Abdel-Malick: ISGS’s Number Two Eliminated in Burkina Faso

Publication: Militant Leadership Monitor Volume: 15 Issue: 2

Image from Abdel-Malick's wanted poster. (Source: X/@CheickIbtidiani)

Executive Summary

  • Burkina Faso’s Air Force killed Islamic State in the Greater Sahara’s second highest-ranking member, Harouna Oulel (alias Abdel-Malick), in an air strike on a convoy the militant was leading in January 2024. This represents a rare victory for Burkina Faso’s counter-terrorism efforts, and a sign that the Burkinabe Air Force’s recent modernization campaign allows it to strike jihadists more effectively.
  • Despite the fact that Islamic State in the Greater Sahara (ISGS) is falling behind its al-Qaeda-affiliated rival Group for Supporters of Islam and Muslims (JNIM) and it has lost many of its key leaders since 2022, the group continues to be a significant threat in the Sahel.

Islamic State in the Greater Sahara (ISGS) continues to be a significant threat in the Sahel. Even while ISGS is falling behind its al-Qaeda-affiliated rival Group for Supporters of Islam and Muslims (JNIM), it represents a threat that should not be discounted despite the loss of the group’s main leaders. ISGS founder Abu Adnan Walid al-Sahrawi was killed in 2022. Not long afterward, his deputy, Abdelhakim al-Sahrawi, was also killed (The Africa Report, September 22, 2021). On January 24, the group’s second highest-ranking member, Harouna Oulel (alias Abdel-Malick), was also killed.

Abdel-Malick reflected the “new generation” of ISGS leaders because, according to the Burkinabe government’s “Most Wanted” list, he was a Fulani—a trans-Sahelian semi-sedentary population which faces discrimination and stigmatization by the region’s governments (Burkina24, January 23). In contrast, the previous two leaders (both with the surname al-Sahrawi) were from Western Sahara and had previously operated in Algeria before migrating down to the Sahel. In the previous cases, it was only after this that they integrated with Fulanis and other Sahelian ethnic groups to form the brigades that eventually merged into ISGS in 2015.

Over time, however, Fulanis like Abdel-Malick have moved into the leadership ranks of ISGS. Abdel-Malick eventually became sufficiently prominent to induce the Burkinabe government to offer a 150,000,000 CFA (around $250,000) reward for his capture (Burkina24, January 23). Abdel-Malick was from a small village in northern Burkina Faso, where ISGS’s influence in the country is at its greatest. Given this, it is also unsurprising that he was targeted for recruitment by Abdelhakim al-Sahrawi and then designated as the commander for Gountouré-Gnégné Commune in Déou Department (Modern Ghana, January 25). In that location, he specialized in kidnappings and weapons training (X/@SimNasr, December 22, 2022). Abu Adnan Walid al-Sahrawi also married a Fulani woman from northern Burkina Faso, which helped ISGS consolidate a foothold in that area. The marriage also evidenced his and ISGS’s interest in recruiting Fulanis to their cause (The Africa Report, February 12, 2020).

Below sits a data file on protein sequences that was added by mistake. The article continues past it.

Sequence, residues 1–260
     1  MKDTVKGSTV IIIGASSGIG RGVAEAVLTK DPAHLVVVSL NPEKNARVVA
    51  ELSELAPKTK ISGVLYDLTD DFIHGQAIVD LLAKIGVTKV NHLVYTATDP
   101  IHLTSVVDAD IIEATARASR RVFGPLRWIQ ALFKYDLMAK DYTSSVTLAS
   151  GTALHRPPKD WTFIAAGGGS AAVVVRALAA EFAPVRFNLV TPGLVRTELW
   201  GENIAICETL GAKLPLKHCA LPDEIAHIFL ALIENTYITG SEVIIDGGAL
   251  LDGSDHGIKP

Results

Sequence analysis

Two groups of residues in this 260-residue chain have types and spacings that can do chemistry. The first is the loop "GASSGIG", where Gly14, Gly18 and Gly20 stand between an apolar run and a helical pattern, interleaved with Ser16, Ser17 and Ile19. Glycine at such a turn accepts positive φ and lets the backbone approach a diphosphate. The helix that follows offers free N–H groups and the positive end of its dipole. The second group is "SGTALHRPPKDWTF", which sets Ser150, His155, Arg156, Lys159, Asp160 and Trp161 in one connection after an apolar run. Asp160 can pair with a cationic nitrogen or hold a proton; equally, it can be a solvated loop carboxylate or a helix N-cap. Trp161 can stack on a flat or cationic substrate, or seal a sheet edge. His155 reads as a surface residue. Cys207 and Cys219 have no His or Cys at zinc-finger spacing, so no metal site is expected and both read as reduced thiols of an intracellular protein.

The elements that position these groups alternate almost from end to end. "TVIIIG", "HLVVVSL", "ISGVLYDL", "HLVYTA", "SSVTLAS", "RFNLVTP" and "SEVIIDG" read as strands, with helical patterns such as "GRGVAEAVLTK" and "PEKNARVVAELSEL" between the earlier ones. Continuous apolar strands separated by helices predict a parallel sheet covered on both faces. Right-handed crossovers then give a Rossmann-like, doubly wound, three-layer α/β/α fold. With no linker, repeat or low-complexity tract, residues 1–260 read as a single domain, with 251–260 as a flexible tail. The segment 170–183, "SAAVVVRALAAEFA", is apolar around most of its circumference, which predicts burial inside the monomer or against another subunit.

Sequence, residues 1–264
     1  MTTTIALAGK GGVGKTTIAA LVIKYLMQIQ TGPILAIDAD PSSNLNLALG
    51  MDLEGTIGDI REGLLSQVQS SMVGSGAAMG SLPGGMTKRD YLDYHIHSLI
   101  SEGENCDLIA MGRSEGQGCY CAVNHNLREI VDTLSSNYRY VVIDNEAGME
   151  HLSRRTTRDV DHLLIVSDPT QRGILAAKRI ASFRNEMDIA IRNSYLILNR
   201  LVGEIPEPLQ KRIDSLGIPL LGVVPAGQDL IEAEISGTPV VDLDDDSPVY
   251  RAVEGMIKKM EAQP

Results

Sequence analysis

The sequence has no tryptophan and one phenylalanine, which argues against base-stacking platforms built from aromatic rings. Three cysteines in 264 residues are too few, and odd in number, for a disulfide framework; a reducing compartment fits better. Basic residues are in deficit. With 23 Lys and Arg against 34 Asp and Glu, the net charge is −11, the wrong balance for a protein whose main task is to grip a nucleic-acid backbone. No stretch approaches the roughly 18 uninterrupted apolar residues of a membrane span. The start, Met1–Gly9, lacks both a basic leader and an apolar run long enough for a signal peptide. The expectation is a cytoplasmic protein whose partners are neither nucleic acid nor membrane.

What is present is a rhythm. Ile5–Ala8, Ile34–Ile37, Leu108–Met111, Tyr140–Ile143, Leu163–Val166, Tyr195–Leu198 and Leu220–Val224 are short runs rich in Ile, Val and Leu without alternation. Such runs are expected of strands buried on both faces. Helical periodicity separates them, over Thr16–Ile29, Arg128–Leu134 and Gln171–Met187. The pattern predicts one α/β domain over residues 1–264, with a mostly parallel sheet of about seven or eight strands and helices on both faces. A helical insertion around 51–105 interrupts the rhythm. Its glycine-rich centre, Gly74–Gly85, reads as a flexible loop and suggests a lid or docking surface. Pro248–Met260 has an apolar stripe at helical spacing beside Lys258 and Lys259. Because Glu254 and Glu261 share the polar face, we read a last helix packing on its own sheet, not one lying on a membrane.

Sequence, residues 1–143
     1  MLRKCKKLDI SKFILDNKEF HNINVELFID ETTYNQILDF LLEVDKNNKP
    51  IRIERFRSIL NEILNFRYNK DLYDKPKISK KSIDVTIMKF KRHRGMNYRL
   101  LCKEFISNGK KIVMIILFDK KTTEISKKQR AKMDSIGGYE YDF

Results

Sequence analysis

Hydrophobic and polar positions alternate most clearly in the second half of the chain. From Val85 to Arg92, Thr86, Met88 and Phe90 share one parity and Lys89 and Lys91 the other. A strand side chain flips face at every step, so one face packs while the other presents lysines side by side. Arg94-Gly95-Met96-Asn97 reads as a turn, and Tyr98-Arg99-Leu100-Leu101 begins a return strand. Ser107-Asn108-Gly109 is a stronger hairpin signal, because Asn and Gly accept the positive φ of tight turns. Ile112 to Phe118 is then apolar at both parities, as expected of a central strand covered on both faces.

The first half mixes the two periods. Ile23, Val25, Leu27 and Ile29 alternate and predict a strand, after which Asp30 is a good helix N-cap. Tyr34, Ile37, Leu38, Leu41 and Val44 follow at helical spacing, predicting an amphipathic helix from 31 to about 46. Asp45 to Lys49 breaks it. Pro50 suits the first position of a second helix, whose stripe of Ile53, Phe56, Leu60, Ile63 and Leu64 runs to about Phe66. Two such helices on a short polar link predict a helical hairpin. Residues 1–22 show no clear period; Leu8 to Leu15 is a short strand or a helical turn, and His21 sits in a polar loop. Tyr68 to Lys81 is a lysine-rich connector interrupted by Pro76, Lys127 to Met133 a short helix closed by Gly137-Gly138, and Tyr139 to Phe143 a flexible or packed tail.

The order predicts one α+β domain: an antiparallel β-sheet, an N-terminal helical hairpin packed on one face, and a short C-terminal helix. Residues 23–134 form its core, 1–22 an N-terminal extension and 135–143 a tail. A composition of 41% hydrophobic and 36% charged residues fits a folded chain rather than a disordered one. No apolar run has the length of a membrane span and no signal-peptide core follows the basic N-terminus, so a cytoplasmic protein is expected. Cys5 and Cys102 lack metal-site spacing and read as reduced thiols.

Abdel-Malick commanded senior ISGS fighters despite his relative youth. He met his demise leading a convoy of fighters in northern Burkina Faso. While Abdel-Malick’s fighters stopped to rest, the Burkinabe air force bombarded the militant convoy—Abdel-Malick was among the casualties (X/@ZagazOlamakama, January 24). Abdel-Malick appears to have underestimated the Burkinabe Air Force’s upgrades since 2023, including their procurement of more advanced drone technology. These improvements allow the Burkinabe military to strike jihadists in ways not previously possible (Times Aerospace, August 17, 2023).

Burkinabe forces appear to have targeted this particular convoy for several reasons. In addition to Abdel-Malick’s presence, one truck was carrying weapons and equipment from the ISGS stronghold of Ouadalan. This convoy was likely part of an effort to expand the war between ISGS and Burkina Faso to a new front.

ISGS, like JNIM, has been rapidly moving from the Burkina Faso–Niger–Mali “tri-border region” towards the interior of Burkina Faso and coastal West Africa. As a result, the Burkinabe government considers Abdel-Malick’s death the first step towards retaking the country’s territory (RFI, January 24). While this may be overly optimistic, eliminating Abdel-Malick represents a rare success for Burkina Faso’s counter-terrorism efforts.

This post was also published on Jamestown’s Substack.